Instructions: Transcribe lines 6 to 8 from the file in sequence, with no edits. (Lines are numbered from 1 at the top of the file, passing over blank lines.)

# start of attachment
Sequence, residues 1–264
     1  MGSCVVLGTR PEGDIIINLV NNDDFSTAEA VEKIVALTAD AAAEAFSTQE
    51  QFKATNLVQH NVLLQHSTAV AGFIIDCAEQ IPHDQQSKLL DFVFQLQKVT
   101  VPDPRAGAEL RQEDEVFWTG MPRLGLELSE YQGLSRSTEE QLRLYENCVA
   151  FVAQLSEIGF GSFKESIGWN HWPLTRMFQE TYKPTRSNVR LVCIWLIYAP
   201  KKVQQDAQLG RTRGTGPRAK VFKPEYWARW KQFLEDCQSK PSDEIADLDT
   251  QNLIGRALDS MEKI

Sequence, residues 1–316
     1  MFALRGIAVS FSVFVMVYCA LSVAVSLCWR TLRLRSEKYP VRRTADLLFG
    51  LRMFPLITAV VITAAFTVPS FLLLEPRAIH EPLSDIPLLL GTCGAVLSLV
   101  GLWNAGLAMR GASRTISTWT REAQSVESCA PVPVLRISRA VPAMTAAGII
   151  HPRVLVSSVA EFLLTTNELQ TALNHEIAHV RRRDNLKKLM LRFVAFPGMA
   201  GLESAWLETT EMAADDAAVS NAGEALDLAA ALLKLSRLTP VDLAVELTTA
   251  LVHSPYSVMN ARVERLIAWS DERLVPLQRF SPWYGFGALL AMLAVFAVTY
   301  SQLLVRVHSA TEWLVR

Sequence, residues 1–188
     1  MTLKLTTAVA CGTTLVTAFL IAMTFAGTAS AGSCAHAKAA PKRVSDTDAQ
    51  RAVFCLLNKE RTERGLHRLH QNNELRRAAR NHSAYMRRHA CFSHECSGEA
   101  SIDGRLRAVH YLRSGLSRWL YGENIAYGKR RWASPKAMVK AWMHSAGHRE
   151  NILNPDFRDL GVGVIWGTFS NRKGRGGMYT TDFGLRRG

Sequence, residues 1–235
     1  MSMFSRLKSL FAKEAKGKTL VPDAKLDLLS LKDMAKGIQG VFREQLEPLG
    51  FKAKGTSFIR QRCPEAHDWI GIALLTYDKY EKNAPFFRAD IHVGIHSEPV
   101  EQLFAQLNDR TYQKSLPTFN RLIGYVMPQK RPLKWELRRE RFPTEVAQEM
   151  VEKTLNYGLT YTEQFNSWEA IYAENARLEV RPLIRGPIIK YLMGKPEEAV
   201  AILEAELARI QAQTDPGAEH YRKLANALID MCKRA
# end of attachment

   201  KKVQQDAQLG RTRGTGPRAK VFKPEYWARW KQFLEDCQSK PSDEIADLDT
   251  QNLIGRALDS MEKI

Sequence, residues 1–316